The Cross Brings Judgment, Too
“And I will pour out on the house of David and the inhabitants of Jerusalem a spirit of grace and pleas for mercy, so that, when they look on me, on him whom they have pierced, they shall mourn for him, as one mourns for an only child, and weep bitterly over him, as one weeps over a firstborn” (Zechariah 12:10).
“And there followed him a great multitude of people and of women who were mourning and lamenting for him” (Luke 23:27). Jesus is now walking the Via Dolorosa, or “path of suffering.” There are those who are glad to see this spectacle, bloodthirsty people who are just as happy to watch gladiators fight to the death in the Roman Coliseum. Not so, these women. These are human beings, the image of God within them, though tarnished as others, yet not so desecrated with love of cruelty. They “lament” for Jesus as he stumbles along this painful path, a word not used so much today, but refers to passionate expressions of sorrow or grief, perhaps with words or loud groans. The Book of Lamentations in the Old Testament is a classic example of laments which draw upon the purest emotions of godly grief. I am of the opinion that the Church of our day needs to learn to lament over sin rather than to treat it so lightly.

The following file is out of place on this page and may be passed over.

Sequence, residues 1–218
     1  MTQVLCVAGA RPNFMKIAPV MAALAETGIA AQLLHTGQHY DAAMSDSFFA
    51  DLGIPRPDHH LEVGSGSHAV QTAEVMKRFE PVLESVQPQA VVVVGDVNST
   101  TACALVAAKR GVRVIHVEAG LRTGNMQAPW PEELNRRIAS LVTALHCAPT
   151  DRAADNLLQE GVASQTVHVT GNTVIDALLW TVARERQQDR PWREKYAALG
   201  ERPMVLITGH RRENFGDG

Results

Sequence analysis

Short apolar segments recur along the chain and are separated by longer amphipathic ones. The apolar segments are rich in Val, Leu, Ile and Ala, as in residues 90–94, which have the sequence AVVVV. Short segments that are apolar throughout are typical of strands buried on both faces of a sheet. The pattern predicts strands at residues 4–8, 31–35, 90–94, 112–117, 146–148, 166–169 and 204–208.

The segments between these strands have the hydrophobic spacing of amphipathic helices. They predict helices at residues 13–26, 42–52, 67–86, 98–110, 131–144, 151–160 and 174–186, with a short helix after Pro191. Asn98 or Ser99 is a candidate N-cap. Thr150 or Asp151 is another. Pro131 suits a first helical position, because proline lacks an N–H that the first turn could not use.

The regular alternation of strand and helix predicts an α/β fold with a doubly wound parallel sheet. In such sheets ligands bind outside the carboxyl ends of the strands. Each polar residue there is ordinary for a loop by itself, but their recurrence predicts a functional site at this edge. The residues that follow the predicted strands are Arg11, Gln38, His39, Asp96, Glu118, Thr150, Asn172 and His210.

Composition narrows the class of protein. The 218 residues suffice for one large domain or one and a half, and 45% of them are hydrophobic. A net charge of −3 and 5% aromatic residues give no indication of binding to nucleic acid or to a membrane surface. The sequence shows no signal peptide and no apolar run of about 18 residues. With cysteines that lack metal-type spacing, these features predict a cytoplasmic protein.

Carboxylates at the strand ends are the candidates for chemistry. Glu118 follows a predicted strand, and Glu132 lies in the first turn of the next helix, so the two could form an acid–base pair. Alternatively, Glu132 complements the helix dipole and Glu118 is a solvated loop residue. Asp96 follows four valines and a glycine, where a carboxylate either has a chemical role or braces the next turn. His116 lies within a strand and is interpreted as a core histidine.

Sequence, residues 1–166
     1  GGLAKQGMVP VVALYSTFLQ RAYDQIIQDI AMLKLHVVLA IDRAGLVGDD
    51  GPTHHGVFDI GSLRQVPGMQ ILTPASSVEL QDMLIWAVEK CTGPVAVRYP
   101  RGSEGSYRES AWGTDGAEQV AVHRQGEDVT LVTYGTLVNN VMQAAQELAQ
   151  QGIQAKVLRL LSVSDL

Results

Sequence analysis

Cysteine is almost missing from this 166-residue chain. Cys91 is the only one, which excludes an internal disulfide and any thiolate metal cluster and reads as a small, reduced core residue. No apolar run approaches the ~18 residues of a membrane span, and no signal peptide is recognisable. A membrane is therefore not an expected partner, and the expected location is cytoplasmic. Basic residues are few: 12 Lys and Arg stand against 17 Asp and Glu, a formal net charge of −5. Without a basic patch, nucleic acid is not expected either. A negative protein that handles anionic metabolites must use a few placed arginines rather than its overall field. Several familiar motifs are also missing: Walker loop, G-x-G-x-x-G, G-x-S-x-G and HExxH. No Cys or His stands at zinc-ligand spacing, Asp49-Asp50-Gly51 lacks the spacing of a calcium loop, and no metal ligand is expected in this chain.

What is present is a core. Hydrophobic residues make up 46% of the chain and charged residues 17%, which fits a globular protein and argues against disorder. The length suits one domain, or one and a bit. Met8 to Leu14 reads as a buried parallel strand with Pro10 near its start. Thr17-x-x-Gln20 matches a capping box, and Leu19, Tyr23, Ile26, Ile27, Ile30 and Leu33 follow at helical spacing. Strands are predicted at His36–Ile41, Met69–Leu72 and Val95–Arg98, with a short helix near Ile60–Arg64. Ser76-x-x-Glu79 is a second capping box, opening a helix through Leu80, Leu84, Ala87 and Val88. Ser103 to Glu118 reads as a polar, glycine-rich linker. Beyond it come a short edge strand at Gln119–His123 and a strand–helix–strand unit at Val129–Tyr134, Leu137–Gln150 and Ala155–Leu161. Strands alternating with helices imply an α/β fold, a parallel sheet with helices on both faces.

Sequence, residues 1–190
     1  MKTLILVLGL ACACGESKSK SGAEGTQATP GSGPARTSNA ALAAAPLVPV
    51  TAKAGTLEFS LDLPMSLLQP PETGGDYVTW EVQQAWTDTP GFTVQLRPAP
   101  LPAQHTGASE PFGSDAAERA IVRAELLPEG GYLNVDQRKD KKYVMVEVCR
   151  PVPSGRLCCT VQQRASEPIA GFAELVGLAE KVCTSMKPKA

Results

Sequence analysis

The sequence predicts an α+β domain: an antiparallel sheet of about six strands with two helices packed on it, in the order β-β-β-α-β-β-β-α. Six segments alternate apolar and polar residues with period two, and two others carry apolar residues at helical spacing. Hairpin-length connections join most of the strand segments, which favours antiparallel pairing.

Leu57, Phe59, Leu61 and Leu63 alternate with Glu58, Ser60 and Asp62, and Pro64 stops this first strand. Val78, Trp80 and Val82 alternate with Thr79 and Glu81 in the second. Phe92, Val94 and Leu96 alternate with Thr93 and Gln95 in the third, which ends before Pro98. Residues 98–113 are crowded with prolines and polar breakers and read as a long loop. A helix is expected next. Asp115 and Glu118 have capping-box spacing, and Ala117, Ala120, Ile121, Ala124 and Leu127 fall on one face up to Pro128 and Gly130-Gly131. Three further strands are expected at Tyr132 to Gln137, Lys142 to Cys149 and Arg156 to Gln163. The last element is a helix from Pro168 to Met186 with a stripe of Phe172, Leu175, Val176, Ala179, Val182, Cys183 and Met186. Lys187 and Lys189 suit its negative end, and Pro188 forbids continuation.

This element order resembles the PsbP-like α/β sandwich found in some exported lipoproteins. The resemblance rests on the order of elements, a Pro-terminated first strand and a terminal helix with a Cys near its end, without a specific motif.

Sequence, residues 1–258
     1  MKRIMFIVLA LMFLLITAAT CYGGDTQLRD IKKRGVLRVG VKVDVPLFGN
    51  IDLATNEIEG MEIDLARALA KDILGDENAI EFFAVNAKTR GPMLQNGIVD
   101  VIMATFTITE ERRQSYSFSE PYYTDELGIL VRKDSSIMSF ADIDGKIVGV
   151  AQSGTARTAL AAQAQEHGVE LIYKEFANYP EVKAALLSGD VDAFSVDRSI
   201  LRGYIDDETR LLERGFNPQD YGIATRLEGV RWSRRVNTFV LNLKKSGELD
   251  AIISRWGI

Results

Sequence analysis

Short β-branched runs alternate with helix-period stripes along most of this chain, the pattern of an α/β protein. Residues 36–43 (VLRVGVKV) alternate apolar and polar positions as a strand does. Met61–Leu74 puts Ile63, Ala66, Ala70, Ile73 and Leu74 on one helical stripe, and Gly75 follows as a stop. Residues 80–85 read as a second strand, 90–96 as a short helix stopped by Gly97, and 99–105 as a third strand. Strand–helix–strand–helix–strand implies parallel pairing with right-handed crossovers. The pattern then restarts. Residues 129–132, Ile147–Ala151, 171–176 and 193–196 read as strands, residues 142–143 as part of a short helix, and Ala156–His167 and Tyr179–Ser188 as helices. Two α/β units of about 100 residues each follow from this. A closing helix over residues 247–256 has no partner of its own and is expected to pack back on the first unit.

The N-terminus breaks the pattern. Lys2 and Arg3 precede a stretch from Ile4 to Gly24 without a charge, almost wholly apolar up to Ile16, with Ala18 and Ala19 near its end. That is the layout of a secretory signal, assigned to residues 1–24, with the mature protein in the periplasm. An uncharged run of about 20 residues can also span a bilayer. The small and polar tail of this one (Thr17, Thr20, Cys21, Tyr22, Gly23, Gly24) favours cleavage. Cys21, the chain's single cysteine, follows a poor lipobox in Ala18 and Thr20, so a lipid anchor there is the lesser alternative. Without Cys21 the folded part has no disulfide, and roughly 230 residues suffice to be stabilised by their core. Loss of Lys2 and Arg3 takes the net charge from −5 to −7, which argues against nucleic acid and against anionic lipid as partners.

But Jesus’ reply to them is one of little consolation. They’ve no need to weep over him, though such sincere gestures are certainly praiseworthy, but instead they should weep for themselves and their children. Jesus then prophesies the near future when judgment would visit the city. How blessed will the barren wombs be that see not the suffering of their own children. Then will people say to the mountains, “Fall on us,” and to the hills, “Cover us!” Jesus was speaking to the destruction of Jerusalem which happened forty years after his crucifixion and resurrection, of which in another place, he said, “Alas for women who are pregnant and for those who are nursing infants in those days” (Luke 21:23). His prophecy also has reference to the end of time when men shall call upon the rocks to “fall on us and hide us from the face of Him who is seated on the throne and from the wrath of the Lamb” (Revelation 6:16). The passion of our Lord is the salvation of his people whereby they shall be exonerated and gifted with heaven; but it is the damnation of those whom he never knew whereby they shall be judged for the Son’s murder and punished with hell. For if they behave like this during good times (our Lord’s first coming), then what should they expect when he returns at the end of time? The cross is judgment for the wicked.